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New Year, new drug for arthritis patients

5 December 2005

New Year, new drug for arthritis patients

People with severe rheumatoid arthritis will have a new subsidised treatment in the New Year following a decision by government drug-funding agency PHARMAC.

The new generation arthritis treatment adalimumab (Humira), one of the TNF alpha inhibitor drugs, will be fully funded for people with severe rheumatoid arthritis from 1 January 2006.

The listing of adalimumab is a significant investment, in the region of $35 million over five years.

PHARMAC Chief Executive Wayne McNee says TNF alpha inhibitors can make a significant difference to the quality of life for people with arthritis.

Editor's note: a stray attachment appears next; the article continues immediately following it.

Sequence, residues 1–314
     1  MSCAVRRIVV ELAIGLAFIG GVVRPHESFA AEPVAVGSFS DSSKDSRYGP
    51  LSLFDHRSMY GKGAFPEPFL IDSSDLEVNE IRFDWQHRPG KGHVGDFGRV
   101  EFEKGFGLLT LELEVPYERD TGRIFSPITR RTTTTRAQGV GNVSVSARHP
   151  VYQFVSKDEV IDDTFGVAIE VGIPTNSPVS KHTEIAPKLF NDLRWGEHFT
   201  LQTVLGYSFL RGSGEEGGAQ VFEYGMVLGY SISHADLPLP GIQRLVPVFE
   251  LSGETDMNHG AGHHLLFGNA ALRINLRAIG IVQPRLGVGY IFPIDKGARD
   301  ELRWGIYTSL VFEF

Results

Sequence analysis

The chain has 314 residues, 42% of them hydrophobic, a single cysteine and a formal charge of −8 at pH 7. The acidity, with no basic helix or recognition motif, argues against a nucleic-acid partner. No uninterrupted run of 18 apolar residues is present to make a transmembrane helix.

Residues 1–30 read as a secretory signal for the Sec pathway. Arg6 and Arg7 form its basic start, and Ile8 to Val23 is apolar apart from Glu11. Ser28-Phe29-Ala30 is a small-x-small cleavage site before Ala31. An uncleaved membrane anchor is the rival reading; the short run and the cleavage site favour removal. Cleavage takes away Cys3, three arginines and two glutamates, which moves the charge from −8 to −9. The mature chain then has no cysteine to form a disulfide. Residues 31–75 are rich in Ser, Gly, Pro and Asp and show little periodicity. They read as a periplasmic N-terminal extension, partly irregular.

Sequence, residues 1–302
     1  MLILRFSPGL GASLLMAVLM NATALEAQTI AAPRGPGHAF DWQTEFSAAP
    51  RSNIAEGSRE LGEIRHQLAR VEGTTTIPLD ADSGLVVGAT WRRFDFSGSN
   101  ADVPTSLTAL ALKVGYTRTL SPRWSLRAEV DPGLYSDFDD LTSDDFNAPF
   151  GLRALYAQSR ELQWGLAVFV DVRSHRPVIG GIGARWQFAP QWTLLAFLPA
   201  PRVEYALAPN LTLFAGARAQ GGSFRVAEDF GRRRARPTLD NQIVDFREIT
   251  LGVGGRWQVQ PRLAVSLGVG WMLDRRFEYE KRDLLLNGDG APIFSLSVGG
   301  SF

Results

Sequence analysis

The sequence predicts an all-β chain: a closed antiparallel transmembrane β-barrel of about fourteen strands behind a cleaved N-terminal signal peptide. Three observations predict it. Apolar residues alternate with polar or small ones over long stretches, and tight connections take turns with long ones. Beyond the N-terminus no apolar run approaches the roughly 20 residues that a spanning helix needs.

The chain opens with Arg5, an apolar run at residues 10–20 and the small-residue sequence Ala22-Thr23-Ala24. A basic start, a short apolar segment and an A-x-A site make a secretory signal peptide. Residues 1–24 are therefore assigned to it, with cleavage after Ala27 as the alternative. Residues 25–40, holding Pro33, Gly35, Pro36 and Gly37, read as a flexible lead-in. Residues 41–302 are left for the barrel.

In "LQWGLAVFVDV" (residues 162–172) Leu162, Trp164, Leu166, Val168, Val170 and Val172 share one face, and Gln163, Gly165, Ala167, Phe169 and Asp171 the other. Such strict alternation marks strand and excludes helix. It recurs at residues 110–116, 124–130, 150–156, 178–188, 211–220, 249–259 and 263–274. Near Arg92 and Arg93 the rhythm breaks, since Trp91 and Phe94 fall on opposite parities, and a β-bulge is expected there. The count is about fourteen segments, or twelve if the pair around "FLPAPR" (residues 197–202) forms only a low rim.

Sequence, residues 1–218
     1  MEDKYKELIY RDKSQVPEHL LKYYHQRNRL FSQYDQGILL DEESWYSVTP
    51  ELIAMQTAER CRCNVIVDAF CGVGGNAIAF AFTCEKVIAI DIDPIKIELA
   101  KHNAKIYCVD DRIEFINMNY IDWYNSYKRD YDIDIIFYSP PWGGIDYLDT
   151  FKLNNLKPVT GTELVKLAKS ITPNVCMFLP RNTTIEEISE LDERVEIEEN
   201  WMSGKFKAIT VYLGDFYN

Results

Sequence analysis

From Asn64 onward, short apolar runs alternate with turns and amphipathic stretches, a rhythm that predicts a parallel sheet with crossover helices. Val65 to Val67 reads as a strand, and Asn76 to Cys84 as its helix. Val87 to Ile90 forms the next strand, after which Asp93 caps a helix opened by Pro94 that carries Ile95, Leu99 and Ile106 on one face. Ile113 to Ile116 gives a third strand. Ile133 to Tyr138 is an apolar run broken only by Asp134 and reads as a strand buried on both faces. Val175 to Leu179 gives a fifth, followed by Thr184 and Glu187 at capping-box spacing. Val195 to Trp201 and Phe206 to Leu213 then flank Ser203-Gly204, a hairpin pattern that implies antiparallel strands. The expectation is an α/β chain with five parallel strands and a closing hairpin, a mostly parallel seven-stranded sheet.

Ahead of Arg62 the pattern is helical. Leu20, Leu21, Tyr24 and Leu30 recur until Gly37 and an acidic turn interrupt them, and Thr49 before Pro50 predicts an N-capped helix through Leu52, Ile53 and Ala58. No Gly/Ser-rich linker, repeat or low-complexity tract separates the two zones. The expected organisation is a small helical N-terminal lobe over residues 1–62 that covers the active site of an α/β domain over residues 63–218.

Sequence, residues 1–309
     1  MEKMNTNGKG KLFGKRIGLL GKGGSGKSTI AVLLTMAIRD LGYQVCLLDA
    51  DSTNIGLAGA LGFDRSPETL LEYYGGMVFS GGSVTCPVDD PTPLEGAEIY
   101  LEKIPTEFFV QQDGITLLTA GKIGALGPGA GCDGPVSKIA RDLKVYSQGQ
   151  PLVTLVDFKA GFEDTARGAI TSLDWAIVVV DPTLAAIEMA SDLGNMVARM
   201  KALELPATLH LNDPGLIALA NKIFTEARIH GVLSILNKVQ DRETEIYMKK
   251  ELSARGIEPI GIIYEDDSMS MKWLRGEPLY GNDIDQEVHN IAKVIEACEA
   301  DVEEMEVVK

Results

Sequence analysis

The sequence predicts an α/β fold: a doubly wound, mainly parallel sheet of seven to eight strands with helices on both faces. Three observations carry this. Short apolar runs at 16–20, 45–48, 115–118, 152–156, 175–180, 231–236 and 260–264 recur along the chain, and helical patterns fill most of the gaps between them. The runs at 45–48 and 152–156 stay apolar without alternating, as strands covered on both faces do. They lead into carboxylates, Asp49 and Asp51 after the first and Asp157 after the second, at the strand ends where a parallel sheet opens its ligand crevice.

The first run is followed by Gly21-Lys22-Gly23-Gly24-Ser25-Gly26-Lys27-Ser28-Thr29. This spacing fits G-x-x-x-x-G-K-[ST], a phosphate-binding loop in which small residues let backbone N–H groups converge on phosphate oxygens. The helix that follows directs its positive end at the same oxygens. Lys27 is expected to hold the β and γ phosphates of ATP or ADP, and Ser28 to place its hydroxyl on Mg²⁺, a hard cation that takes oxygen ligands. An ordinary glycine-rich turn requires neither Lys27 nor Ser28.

"For some people with rheumatoid arthritis this can have enormous benefits in enabling them to become more active again," Wayne McNee says.

"We have been working to see at least one of these drugs funded, and this has now been made possible through our agreement with Abbott Laboratories."

PHARMAC estimates that initially a small number of patients will be prescribed adalimumab, but that this group will grow to nearly 1000 people per year after five years. Access to adalimumab will be carefully targeted with access criteria similar to those in Australia.

"Many people already obtain good results from using medicines such as methotrexate or leflunomide, which attack the underlying causes of rheumatoid arthritis," Wayne McNee says. "However, for a small number of patients these medicines aren't sufficient so a TNF alpha inhibitor can make a real difference."

PHARMAC already subsidises one TNF alpha inhibitor, etanercept, for juvenile rheumatoid arthritis. Etanercept will continue to be available to those patients.


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